Archie Cunningham is your driver's name, and with sport and politics you have broached subjects entangled with much of his life. Luckily, it's a long ride to the hotel, long enough to accommodate all the stories tumbling now into the back seat: How Cunningham had been a crack cyclist once, good enough to win the Tour of Ireland; how he had carried the tri-colored flag of the Republic at the 1972 Olympics for a united Irish team, only to receive threats from hard-liners in the Shankill; how fierce Protestant Unionists had phoned him at home a few years later, on the eve of a St. Patrick's Day race in the South, warning him off competing in it. He went anyway and won the thing. "If I hadn't gone, if I'd allowed myself to be dictated to, I'd have been bothered with calls every night," he says.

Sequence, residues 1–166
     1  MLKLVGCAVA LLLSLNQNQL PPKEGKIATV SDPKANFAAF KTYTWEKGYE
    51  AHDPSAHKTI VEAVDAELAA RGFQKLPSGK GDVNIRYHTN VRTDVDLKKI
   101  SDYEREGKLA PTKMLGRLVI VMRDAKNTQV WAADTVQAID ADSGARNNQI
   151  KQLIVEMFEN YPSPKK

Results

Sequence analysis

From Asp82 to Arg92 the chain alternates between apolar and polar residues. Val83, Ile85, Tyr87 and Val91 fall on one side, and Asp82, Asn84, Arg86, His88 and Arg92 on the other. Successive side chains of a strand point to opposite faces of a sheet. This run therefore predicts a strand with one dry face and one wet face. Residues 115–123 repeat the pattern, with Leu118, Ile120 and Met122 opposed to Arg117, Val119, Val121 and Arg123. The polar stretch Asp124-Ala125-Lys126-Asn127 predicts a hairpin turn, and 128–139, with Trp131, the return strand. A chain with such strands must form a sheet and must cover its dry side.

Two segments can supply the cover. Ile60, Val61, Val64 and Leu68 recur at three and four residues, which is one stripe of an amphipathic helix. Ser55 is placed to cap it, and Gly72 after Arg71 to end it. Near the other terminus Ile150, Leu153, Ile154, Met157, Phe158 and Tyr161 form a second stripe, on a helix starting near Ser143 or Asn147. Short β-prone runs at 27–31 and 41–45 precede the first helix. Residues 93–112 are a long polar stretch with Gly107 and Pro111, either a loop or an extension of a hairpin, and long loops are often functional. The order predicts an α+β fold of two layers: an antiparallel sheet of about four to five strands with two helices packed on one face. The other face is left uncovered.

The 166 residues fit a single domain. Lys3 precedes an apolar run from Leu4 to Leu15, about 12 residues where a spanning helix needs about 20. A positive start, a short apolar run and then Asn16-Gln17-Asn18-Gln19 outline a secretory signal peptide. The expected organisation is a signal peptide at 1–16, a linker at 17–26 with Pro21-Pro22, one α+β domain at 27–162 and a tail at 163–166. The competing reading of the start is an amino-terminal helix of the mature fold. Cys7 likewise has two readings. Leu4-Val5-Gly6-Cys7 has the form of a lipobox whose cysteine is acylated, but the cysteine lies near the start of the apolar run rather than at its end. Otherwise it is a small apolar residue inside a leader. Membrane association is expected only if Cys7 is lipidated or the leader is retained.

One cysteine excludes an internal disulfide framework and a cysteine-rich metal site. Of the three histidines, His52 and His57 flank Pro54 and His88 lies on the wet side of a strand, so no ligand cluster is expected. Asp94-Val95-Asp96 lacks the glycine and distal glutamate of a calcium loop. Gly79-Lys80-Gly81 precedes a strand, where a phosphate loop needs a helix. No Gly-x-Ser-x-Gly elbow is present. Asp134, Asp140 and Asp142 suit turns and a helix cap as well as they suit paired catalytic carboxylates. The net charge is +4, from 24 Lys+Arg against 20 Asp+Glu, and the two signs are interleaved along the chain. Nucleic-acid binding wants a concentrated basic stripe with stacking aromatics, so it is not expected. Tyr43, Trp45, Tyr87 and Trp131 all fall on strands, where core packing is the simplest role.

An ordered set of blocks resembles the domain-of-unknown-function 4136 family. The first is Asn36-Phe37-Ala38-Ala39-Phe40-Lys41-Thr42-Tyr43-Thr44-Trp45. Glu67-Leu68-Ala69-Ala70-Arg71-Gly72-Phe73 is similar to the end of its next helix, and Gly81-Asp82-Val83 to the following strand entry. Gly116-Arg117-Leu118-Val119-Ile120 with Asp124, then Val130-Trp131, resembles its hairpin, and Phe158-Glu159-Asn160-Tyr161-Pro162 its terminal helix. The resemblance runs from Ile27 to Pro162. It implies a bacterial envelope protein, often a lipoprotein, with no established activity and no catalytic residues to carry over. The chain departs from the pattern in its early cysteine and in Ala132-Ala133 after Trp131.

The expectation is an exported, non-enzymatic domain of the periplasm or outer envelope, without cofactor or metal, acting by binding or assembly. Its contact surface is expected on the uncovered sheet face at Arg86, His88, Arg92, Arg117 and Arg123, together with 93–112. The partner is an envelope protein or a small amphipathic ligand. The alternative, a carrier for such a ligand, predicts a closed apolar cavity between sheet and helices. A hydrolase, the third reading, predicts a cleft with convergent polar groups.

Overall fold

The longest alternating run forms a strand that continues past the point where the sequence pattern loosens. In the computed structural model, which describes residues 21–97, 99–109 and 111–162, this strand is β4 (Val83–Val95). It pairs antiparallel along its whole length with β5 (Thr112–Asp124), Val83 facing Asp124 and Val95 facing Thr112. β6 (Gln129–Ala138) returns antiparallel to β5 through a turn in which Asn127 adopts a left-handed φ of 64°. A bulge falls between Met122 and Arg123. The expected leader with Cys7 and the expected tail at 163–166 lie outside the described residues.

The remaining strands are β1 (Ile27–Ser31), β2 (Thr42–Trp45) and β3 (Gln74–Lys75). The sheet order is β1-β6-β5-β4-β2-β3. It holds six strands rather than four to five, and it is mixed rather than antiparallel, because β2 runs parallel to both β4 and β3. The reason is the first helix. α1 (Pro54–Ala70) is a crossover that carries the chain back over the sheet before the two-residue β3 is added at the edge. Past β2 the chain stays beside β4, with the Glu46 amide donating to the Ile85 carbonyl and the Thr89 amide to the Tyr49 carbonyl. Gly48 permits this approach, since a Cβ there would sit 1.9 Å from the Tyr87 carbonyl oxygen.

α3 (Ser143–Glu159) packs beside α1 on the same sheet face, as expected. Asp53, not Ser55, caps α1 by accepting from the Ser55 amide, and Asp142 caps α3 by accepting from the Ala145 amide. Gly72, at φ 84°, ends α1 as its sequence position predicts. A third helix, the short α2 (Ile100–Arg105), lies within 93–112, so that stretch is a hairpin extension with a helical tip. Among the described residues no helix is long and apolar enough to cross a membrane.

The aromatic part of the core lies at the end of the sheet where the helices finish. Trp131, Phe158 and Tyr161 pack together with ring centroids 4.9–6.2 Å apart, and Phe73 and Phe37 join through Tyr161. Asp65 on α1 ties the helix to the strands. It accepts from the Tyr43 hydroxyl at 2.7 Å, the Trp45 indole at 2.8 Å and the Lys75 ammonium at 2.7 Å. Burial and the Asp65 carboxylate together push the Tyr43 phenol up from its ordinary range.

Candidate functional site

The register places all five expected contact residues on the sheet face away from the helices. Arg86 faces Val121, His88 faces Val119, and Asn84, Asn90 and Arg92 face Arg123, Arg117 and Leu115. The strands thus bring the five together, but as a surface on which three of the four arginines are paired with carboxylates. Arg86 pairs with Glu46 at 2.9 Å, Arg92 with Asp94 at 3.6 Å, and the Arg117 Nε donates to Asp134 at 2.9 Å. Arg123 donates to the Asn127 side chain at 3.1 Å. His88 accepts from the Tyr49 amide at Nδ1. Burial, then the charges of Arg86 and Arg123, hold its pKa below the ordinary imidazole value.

By now you are passing the city center, with the ring of hills girdling the sectarian slums of West Belfast to your right. To the left is the shipyard that built the Titanic. Soon Archie is carrying your bags to the front desk. "You and I are going to have a couple of pints of the black stuff before you fly off," he says.